Jerry Van Horn can laugh about it now — the idea that he was “crazy” for wanting to drag an old car out of a field and someday make it beautiful again.
If he was crazy, though, it was more a matter of being nuts about Hudsons, and in his mind, it wasn’t a matter of “if” he would ever resurrect his 1949 Super-Six two-door Brougham, it was a matter of “when.”
“It was always in the back of my mind, ‘Yeah, boy, I’d like to have one of those.’ I had one back when I was a kid,” recalled Van Horn, a resident of Birmingham, Ala. “Of course, when I got it and brought it home, I had to listen to everybody say ‘Why did you bring that piece of junk home?’ while I left it sit out in my driveway for about 10 years and deteriorate.
“But, no, I never had any doubts. I knew I could do it. I knew it was just a matter of priorities, and once I got started I knew I could handle it. It took me about two years, I guess, once I got started, to get it done.”
Today, Van Horn’s beautifully restored Hudson bears little resemblance to the weathered hulk he took back from Mother Nature in 1972. At that point, the car was still restorable, but it wouldn’t have been long before nobody, including Van Horn, would have been able to save it.
The old Hudson can probably thank Van Horn’s daughter, Jerrie, as much as anybody, for giving it a second lease on life. “She was going to school, and she spotted the car in the woods,” Jerry said. “It was a piece of junk. It had been in the woods for six years. All the glass was out. The transmission was gone. All the upholstery was rained on. It was a piece of junk, and that’s what I bought it for. I paid 10 bucks for it.”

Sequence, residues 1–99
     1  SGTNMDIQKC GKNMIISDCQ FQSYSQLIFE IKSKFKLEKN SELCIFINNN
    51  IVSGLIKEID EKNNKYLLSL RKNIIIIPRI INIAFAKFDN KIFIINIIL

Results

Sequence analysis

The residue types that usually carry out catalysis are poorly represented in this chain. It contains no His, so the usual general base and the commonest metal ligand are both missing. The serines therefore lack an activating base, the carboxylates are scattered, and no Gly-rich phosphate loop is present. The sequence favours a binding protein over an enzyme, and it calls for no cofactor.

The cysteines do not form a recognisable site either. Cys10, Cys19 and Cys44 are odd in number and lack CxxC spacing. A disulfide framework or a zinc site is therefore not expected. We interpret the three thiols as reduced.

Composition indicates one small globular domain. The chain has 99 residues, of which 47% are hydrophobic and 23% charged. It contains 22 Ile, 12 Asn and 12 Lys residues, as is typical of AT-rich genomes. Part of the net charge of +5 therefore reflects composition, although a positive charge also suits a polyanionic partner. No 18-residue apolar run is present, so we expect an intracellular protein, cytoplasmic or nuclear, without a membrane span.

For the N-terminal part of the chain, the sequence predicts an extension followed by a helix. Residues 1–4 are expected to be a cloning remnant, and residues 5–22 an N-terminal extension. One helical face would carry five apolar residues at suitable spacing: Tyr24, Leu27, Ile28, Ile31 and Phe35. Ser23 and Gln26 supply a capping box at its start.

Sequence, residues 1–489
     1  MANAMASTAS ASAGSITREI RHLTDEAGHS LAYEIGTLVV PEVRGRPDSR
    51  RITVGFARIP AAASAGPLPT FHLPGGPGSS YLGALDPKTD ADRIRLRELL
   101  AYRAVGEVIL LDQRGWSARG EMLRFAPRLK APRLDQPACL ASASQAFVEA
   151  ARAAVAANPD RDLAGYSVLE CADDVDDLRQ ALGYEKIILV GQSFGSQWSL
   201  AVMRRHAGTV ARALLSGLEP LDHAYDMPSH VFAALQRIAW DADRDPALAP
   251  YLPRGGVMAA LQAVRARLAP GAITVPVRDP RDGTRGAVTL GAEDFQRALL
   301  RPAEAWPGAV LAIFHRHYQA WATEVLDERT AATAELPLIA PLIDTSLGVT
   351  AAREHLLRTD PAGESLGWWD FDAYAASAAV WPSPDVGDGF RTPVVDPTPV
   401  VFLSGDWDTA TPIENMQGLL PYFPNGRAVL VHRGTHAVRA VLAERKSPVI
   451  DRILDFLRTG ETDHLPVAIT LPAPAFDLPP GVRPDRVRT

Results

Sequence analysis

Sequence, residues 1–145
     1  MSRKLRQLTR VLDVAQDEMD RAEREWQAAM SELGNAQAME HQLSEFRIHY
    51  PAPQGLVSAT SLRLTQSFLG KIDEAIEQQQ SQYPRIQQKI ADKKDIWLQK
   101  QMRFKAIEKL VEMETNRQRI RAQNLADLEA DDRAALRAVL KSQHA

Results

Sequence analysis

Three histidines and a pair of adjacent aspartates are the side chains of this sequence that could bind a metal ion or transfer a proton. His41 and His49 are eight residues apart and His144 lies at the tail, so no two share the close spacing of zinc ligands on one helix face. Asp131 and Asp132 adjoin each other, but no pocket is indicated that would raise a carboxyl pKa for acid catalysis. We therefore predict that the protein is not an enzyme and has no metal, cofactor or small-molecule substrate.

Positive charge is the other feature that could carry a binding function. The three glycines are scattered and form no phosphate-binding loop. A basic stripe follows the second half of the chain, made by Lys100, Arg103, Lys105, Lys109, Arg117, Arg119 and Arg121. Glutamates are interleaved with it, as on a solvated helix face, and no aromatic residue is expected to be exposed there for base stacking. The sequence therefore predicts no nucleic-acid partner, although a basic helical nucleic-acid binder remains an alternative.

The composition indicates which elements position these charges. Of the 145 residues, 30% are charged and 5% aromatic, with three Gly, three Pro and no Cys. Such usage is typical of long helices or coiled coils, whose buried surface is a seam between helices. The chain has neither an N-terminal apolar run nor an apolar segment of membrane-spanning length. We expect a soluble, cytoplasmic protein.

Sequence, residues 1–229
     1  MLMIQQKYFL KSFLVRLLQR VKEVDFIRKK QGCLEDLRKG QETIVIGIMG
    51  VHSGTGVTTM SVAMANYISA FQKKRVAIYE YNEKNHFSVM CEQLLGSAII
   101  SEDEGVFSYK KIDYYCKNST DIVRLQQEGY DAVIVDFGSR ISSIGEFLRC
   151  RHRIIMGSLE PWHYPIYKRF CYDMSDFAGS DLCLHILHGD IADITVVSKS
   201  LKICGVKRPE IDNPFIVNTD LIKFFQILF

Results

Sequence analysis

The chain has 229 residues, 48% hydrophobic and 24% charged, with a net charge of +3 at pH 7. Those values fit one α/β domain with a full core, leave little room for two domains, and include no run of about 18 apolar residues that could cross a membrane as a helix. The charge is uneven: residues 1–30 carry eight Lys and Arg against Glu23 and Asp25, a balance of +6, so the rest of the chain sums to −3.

But that $10 was enough to give Van Horn hope of reincarnating a car he had been fond of years ago, and it gave him a goal to work toward for his retirement.
“When I was going to high school, I worked at a car lot on weekends and I drove one of those cars. That’s why I wanted it,” he said. “My daughter, when she saw this car she said, ‘I think this is the old car you were talking about.’ We went out and found the guy that had it and it was in a pile of cars in a junkyard … He said, ‘Just pay me for junk. Pay me 10 bucks and get it out of there.’
“It’s worth more than that now, but of course I have a lot more than that in it.”
Van Horn didn’t do much with the Hudson initially except gather parts and try to get ready for the day he would begin restoring the car. In 1980, he rebuilt the Hudson’s six-cylinder engine, “but then in the ’90s I had some health problems and I didn’t do much on it for a few years. Then I finally got started on it again and decided I should finish it while I’m still kicking. I just got done with it this year.”
Van Horn said much of the Hudson’s unibody was in decent shape and didn’t need much more than a good sanding and a new hood. He eventually got professional help for the bodywork, paint and upholstery, but he handled the rest of the mechanicals and all the parts chasing himself.
Tracking down the parts was perhaps the biggest challenge of the entire 30-plus-year process. “I bought parts all over the country,” he said. “From 1972 to 1980, I probably wrote 100 letters looking for parts. I built the engine from 1949 parts from people who had stuff left over — old stock. I got a lot of electrical parts from NAPA from dead stock — I’m talking about switches, light bulbs and all sorts of stuff like that.
“The engine was there but it wouldn’t run, and it had to be completely rebuilt and re-bored and all new parts put in it. We had to replace the shocks and the front coil springs. The gas tank was OK. The driveshaft I had to machine because I put an overdrive transmission in it, where originally it had just a three-speed. Now it has a three-speed with overdrive, which is really nice … that was a big thing.
“When I was a teenager, that was a fast car. It would outrun all the Fords or Chevrolets.”